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so it's a friday night with a storm threatening transportation in the eastern half of the u.s. you're running down the concourse to catch the last night home, say, at o'hare. quick, can you describe the carpet in the terminal? the truth is it tends to be unmemorable, well-worn airport carpet unless your home airport is in portland, oregon. portland's shall we say specialness has been well chronicled in the tv series "portlandia" and that extends to their beloved and unique airport carpet which starting today is
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going to its reward, all 13 acres of it. our report tonight from nbc's harry smith. >> reporter: there is trouble afoot at portland's airport. after decades of service to millions of travelers, a runway's worth of its quirky aquamarine carpet is about to be retired. portlanders do not approve. >> it's a little bit heartbreaking. >> reporter: the reaction mystified airport authorities. >> we were absolutely surprised. baffled at first, a little bit baffled and then intrigued. >> reporter: turns out the carpet has a cult following. suddenly it had its own instagram hashtag. 30,000 selfies or footsies showing love for the rug. there are t-shirts and key chains. the carpet even has its own brew. weird perhaps, but portlanders are proudly wired that way. >> not to be confused. >> i know where i am. >> reporter: did you freak out when you heard they were going
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to tear the carpet out? >> i was super duper bummed. >> reporter: so bummed was 21-year-old emma milkin, she did this. >> i decided to get it imprinted on my body forever more. >> reporter: it hurt, she says, but it was worth it. feelings about the flooring run deep here, so deep that michelle bernstein surprised her husband, phil, with a one-of-a-kind birthday present. they made a special trip to the airport this week just so phil could get a selfie before the carpet's gone. how does it feel to have your new shoes on the carpet? >> overwhelming. >> happy birthday, honey. >> thank you. >> reporter: in any other city this would not be a story. harry smith, nbc news, portland. that's our broadcast for a friday night. thank you for being with us. i'm brian williams. lester holt will be with you this weekend. we of course hope to see you right back here on monday night. in the meantime, have a good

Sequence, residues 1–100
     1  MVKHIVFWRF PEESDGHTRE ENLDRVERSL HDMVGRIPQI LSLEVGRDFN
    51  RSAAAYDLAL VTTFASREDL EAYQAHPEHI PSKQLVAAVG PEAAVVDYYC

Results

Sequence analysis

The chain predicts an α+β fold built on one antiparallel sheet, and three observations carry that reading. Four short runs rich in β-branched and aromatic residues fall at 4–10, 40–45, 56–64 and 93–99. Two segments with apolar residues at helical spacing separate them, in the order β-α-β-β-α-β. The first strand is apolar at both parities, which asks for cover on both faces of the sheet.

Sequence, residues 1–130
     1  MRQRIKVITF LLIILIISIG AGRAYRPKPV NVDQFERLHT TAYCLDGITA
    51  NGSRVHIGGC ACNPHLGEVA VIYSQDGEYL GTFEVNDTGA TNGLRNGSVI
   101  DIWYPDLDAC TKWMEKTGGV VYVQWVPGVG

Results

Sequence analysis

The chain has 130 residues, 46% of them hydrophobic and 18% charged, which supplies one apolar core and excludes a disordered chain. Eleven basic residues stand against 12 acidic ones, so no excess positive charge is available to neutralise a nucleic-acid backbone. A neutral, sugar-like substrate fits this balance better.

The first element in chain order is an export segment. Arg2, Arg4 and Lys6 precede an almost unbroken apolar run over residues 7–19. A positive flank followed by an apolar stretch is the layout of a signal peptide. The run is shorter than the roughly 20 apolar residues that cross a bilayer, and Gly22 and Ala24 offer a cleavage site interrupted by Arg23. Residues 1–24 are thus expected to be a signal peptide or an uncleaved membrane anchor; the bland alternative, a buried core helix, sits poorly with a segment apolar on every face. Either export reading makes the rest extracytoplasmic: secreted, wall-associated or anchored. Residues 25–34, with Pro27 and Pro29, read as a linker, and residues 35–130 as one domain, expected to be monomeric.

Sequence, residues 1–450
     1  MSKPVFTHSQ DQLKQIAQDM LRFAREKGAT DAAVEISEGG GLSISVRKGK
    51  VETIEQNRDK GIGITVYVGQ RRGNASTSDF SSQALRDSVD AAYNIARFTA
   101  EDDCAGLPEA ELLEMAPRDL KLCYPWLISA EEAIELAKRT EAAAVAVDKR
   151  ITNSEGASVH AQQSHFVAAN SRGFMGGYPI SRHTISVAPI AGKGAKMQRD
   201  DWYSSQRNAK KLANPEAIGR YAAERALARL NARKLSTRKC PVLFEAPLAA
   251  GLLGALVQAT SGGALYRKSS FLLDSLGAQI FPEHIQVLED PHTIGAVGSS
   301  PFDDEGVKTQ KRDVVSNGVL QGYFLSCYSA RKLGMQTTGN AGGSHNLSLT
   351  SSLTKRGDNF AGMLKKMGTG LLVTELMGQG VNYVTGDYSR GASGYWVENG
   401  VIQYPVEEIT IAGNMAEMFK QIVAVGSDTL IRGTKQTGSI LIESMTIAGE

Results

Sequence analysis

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weekend. good night. nbc bay area news starts now. >> i didn't think it was going to be that rough. and i kind of got up and kind of mixing of waves. >> right now at 6:00 dangerous surf. a potentially deadly mix of big waves and possibly some record heat. good evening and thanks for being with us. i'm raj mathai. >> and i'm jessica aguirre. temperatures are expected to get as high as 80 degrees in some parts of northern california this weekend. and that is likely to tempt a lot of people to head to the beach. but the water comes with a warning. nbc bay area's michelle roberts
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is watching the waves as officials issued a high surf advisory. we begin with meteorologist jeff ranieri who is striking potential for record temperatures. >> you already started to see the warm-up. st. held 13 at 79 degrees. half moon bay at 74. atherton at 72. the dry offshore winds we had today is the primary reason why temperatures got so warm this afternoon. a second consecutive day tomorrow. the high area of pressure has more time to build and strengthen as even hotter air is expected to move across california. so here is how the temperature is set up at least for the first part of your weekend. we'll average about 73 in the south bay for saturday. 71 in san francisco, and possibly 78 for the north bay. those drying winds are going to send the heat all the way to the coastline, likely 75 in santa cruz ocean beach, 70. and bodega bay 71. temperatures will be warm at the beaches, as we've been